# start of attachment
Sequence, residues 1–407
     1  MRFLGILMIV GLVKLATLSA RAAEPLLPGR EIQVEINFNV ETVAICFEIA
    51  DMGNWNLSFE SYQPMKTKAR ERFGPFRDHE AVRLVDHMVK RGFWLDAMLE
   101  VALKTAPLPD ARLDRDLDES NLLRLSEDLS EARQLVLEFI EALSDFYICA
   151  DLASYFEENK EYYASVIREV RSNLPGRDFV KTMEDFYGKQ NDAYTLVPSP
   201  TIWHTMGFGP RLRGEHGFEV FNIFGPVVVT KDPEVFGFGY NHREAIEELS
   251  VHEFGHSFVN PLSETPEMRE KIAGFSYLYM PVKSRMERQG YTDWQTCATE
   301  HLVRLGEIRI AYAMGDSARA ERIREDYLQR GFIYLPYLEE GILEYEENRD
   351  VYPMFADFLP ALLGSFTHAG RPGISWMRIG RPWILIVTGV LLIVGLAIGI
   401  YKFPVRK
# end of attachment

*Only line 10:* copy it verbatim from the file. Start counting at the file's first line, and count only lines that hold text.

   401  YKFPVRK